SACRAMENTO — California's population has jumped by 570,000, the largest one-year gain since the boom years of the 1950s and 1960s, state officials said.
The population was estimated on July 1, 1985, at 26,365,000, almost 8.5 million more than second-ranked New York, said Jesse Huff, state director of finance.
The increase was 2.2% over the total for July 1, 1984. The change was made up of 458,000 births, 204,000 deaths and a net migration gain of 315,000.
The excess of births over deaths of 254,000 is the largest in the state's history, Huff said. The Finance Department's Population Research Institute does annual estimates of the state's population.
Only two of the state's 58 counties, Modoc and Marin, lost population over the year.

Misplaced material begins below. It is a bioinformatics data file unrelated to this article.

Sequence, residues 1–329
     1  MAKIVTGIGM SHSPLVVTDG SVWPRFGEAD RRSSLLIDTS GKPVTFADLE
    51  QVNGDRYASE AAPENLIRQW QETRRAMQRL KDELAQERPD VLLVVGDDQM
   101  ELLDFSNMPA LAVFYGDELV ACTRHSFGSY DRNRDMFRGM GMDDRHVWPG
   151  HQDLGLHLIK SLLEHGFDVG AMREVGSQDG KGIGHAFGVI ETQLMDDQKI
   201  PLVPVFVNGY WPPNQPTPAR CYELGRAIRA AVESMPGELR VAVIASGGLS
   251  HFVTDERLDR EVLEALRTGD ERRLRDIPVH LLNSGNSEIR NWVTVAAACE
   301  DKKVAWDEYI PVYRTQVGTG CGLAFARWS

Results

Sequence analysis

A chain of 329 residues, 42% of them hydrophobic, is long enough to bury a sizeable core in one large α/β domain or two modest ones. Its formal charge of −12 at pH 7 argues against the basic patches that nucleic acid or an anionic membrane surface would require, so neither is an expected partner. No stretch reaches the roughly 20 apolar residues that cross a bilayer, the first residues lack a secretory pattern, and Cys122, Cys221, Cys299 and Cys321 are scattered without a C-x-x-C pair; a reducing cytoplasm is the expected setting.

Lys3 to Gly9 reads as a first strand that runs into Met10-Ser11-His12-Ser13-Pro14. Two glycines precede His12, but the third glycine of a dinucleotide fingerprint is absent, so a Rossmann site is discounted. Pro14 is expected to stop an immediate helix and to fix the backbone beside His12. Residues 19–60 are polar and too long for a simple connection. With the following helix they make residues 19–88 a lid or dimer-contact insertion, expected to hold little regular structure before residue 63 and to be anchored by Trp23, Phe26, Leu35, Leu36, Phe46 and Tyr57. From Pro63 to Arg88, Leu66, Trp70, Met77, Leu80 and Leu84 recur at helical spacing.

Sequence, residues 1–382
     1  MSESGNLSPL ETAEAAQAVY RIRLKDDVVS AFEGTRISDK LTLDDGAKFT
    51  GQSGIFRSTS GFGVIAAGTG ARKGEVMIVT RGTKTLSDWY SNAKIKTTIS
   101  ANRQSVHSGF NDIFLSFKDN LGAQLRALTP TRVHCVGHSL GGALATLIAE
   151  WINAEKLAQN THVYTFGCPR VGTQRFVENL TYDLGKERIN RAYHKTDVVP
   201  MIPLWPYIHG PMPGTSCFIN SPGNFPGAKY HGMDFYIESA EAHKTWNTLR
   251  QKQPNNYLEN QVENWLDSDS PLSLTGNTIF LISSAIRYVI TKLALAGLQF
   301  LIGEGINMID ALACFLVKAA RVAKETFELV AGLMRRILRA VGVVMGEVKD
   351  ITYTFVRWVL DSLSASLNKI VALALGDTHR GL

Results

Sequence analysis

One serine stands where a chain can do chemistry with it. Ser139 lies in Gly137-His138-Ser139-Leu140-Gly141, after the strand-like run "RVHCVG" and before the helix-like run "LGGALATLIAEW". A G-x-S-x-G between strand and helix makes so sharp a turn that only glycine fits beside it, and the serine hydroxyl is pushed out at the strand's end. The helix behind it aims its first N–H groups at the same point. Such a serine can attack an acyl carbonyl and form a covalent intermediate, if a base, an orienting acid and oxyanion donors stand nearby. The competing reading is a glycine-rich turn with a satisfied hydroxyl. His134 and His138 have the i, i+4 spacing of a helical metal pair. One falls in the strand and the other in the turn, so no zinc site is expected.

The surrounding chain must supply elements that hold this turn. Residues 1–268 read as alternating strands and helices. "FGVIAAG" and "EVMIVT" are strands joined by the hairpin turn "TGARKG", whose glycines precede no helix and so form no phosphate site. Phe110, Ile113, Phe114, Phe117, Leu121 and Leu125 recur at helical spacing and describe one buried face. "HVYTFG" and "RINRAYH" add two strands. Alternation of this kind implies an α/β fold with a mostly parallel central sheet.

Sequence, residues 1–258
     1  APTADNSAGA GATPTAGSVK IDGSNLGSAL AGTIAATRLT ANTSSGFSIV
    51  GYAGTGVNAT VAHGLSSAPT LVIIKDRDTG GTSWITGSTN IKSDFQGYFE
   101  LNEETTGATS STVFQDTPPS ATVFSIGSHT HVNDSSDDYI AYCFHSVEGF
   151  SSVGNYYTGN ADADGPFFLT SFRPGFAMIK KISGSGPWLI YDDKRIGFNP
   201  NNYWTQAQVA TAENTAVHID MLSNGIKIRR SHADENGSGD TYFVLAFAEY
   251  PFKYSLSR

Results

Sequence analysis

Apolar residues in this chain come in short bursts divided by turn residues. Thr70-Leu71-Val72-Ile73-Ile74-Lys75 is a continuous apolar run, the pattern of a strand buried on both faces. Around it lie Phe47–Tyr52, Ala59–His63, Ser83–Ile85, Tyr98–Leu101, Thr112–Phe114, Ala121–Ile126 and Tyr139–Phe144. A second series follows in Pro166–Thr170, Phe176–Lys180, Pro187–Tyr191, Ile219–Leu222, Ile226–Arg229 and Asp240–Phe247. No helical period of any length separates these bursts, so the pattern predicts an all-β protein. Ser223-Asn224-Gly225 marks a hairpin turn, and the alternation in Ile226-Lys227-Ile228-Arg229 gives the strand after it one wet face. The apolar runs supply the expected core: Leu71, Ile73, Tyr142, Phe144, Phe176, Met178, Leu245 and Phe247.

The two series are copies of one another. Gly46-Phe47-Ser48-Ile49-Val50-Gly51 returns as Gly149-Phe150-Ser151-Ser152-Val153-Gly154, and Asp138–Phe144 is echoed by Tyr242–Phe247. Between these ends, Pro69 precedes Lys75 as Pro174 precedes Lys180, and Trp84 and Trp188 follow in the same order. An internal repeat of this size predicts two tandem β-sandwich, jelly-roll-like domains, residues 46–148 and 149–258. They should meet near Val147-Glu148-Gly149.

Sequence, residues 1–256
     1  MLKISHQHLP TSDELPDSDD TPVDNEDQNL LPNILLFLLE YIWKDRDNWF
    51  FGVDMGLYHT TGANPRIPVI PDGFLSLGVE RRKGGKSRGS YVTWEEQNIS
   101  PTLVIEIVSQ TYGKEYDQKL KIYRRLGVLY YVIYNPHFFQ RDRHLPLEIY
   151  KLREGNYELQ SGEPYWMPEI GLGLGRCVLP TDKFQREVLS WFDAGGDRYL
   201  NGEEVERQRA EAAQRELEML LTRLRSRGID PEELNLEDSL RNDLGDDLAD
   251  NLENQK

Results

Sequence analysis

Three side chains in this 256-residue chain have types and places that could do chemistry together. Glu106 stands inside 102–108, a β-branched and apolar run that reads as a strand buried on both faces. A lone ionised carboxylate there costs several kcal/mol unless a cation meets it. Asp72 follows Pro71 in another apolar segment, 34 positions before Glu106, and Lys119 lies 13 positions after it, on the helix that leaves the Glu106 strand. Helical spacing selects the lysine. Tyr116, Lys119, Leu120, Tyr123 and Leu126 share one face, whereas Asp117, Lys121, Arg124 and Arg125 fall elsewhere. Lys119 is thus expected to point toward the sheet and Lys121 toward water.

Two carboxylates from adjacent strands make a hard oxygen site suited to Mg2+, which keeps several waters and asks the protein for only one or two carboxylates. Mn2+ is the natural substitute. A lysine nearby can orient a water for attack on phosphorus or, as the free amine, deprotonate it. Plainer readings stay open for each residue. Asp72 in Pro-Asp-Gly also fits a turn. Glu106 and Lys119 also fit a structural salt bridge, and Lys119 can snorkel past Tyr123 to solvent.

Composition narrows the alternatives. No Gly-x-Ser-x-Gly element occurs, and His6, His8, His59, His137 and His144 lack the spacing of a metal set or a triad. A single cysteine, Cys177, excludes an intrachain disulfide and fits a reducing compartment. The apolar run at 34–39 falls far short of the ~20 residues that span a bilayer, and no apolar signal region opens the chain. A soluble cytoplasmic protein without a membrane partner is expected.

Gold Country Fast-Growing
The counties in the Gold Country along California 49 east of Sacramento had the state's largest regional growth rate, 4.2%. The San Francisco Bay area had the slowest rate, 1.6%.
Metropolitan counties grew by 2.2%, while non-metropolitan counties grew an average of 3.4%. That continued a trend begun in the 1970s.
The fastest-growing county was San Luis Obispo at 5.3%. Los Angeles County had the largest numerical gain, 120,700.
San Diego County, with a population of 2,131,600, became the state's second-largest county, overtaking Orange County, 2,127,900. Los Angeles remained the largest at 8,085,300.
Other fast-growing counties are Riverside, 5.1%; Lake, 5.2%; Tuolumne, 5%; El Dorado, 4.9%; Nevada, 4.8%; San Benito, 4.7%; San Bernardino and Amador, 4.5% each, and San Joaquin, 4.4%.